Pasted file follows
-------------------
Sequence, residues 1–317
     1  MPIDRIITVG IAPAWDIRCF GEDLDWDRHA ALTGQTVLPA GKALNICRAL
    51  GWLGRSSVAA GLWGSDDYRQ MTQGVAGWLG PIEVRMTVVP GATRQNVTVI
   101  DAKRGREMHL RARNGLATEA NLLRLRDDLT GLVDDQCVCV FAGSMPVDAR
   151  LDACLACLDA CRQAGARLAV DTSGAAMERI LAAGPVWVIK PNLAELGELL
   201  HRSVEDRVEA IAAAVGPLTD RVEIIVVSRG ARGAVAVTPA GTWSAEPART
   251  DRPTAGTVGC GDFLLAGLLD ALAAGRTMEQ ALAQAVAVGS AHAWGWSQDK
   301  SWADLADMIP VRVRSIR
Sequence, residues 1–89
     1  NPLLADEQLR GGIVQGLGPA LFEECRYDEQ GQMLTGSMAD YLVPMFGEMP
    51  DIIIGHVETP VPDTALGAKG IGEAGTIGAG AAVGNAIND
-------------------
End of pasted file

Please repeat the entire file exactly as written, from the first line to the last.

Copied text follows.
Sequence, residues 1–317
     1  MPIDRIITVG IAPAWDIRCF GEDLDWDRHA ALTGQTVLPA GKALNICRAL
    51  GWLGRSSVAA GLWGSDDYRQ MTQGVAGWLG PIEVRMTVVP GATRQNVTVI
   101  DAKRGREMHL RARNGLATEA NLLRLRDDLT GLVDDQCVCV FAGSMPVDAR
   151  LDACLACLDA CRQAGARLAV DTSGAAMERI LAAGPVWVIK PNLAELGELL
   201  HRSVEDRVEA IAAAVGPLTD RVEIIVVSRG ARGAVAVTPA GTWSAEPART
   251  DRPTAGTVGC GDFLLAGLLD ALAAGRTMEQ ALAQAVAVGS AHAWGWSQDK
   301  SWADLADMIP VRVRSIR
Sequence, residues 1–89
     1  NPLLADEQLR GGIVQGLGPA LFEECRYDEQ GQMLTGSMAD YLVPMFGEMP
    51  DIIIGHVETP VPDTALGAKG IGEAGTIGAG AAVGNAIND